• D. Shitanda Jomo Kenyatta University of Agriculture and Technology, Nairobi
  • K. Mukonyi Kenya Forest Research Institute (KEFRI) Nairobi, Kenya
  • M. Kagiri Jomo Kenyatta University of Agriculture and Technology, Nairobi
  • M. Gichua Jomo Kenyatta University of Agriculture and Technology, Nairobi, Kenya
  • L. Simiyu Jomo Kenyatta University of Agriculture and Technology, Nairobi, Kenya


Prosopis juliflora, properties, analysis, potential uses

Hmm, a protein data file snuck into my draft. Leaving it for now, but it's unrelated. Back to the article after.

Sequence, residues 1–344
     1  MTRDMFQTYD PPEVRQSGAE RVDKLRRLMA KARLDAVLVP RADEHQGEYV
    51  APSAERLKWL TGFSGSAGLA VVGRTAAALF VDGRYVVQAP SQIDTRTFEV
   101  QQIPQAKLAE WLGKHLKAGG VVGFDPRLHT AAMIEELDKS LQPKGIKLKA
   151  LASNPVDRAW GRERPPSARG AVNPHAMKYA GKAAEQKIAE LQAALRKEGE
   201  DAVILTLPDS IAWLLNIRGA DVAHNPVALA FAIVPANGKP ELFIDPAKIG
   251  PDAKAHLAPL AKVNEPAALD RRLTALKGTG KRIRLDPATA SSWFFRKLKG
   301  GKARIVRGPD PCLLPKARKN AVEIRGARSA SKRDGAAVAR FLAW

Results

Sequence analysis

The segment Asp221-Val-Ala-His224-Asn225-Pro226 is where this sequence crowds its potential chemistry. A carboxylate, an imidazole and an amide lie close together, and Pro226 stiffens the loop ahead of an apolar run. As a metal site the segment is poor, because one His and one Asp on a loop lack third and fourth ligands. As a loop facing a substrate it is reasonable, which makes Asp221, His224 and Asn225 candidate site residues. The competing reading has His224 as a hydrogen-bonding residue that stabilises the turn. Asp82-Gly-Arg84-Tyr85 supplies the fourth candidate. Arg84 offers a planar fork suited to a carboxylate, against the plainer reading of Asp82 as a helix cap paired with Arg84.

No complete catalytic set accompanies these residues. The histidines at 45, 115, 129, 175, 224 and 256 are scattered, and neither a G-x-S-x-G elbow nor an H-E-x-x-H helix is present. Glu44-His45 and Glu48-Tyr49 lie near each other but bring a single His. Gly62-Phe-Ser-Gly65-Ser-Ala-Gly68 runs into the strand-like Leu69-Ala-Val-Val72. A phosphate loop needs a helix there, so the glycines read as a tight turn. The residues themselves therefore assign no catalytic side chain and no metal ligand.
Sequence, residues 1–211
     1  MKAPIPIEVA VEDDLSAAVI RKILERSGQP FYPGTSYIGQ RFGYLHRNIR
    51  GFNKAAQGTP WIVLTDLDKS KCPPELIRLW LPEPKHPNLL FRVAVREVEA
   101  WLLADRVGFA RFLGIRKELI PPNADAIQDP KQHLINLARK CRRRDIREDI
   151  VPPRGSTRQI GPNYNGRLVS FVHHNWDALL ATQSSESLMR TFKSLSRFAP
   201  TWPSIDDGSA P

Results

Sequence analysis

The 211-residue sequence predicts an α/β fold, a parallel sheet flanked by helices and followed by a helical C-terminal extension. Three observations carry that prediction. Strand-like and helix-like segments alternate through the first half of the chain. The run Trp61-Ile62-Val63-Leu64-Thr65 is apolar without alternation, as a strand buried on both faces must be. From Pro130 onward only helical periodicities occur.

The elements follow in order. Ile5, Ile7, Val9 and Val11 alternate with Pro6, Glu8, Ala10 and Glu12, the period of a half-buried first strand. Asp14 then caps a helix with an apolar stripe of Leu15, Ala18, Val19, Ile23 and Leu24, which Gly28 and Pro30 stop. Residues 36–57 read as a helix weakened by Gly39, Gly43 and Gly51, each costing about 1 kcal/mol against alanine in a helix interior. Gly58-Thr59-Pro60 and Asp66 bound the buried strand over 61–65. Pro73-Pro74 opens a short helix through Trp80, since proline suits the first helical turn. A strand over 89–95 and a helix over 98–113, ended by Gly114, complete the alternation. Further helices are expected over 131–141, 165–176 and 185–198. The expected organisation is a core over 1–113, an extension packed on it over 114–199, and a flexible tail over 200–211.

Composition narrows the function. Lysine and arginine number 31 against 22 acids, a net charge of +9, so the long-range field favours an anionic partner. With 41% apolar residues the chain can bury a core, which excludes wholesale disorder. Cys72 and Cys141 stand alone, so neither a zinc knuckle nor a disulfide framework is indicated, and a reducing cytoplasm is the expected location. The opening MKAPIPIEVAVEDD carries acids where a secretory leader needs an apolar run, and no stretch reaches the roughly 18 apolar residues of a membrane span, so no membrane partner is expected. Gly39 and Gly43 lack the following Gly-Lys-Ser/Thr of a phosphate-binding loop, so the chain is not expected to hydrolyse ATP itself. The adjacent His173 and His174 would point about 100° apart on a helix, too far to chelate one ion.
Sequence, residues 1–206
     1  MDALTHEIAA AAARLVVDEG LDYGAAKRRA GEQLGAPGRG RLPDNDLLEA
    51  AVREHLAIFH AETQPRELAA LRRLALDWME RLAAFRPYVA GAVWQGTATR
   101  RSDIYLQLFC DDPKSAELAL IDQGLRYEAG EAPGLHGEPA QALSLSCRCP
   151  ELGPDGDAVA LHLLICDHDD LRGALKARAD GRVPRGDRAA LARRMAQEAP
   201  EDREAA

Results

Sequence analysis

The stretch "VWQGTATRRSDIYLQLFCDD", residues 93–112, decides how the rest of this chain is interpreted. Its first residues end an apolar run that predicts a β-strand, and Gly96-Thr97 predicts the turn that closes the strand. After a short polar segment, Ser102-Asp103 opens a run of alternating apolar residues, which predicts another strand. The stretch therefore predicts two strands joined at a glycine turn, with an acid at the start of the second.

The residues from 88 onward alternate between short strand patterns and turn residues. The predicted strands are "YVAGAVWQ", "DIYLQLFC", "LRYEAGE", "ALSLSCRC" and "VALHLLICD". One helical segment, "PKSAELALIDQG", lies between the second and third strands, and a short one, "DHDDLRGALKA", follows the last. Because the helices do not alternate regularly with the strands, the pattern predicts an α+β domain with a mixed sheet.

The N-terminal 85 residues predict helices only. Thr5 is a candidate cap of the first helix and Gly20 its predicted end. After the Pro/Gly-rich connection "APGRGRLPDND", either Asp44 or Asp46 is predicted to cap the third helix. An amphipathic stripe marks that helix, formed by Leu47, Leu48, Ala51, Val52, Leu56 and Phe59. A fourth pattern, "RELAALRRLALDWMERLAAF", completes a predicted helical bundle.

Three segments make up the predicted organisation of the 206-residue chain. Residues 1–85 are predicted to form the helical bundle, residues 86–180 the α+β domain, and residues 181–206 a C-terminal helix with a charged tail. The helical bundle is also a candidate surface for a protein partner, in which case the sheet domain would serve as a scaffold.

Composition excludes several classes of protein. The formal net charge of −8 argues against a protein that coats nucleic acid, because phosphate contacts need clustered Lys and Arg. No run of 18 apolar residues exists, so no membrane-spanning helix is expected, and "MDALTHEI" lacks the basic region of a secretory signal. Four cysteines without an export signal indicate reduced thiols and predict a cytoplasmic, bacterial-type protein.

A study was done to determine the potential for processing and using prosopis juliflora for commercial purpose. The effects of the plant on the soil were evaluated as a measure of determining its influence on the environment. Preliminary analysis of three soils samples per site where showed that the highly infested areas had higher moisture content of 10.5+1.35% and was significantly different at 5% level. The pH value of 8.7+1.03 was slightly lower compared to the low infested areas and was not significantly different at 5% level. However, both soils had almost the same bulk density and ECE of 1.1 g/cm3and 0.03 dm/S respectively. The soil calcium content of 0.88+0.009 mg/l in the high density area was significant low at 5% level whereas the organic carbon content of 1.13+0.027% was significantly high. No significant difference was observed for the magnesium, sodium, potassium, organic matter and phosphorus content at 5% l. Plant samples of prosopis juliflora were also tested for their nutritive values, especially the leaves, pods, bark and roots. Preliminary results showed that the leaves contain the highest amount of calcium of 6.38+0.248%. However, the leaves are not consumed green by the animals indicating high toxicity. The pods, bark and roots were also found to contain significant proportions of calcium at 5% level. The different parts of the plant had relatively lower phosphorus content of less than 0.25%. Magnesium was higher in the bark at about 3.5% whereas potassium was higher in the pods at about 2%. Nitrogen was higher in the leaves at about 2.5% indicating the suitability of the plant leaves as a nitrogen fixer in the soil. The tissues also showed very high content of vitamin C especially in the green pods (46.3+5.18 m/100g). Thus the pods, leaves and bark can be used as natural sources of vitamin C. The high ash content of 8.9+1.19% in the bark was significantly different at 5% level when compared to the content of the leaves but not other plant parts. This showed high roughage in the plant parts. The nutritive value of the pods showed their high potential for development of nutritive products including juice, wine, gum, powder, essential oils and beverages. The yield for aloe roots as fermenting agent was about 7.1% on 9th day in Prosopis extract having sugar media, 6.3% for yeast, Prosopis extract and honey on the sixth day and 6.1% for extract, sugar and baobab on the sixth day.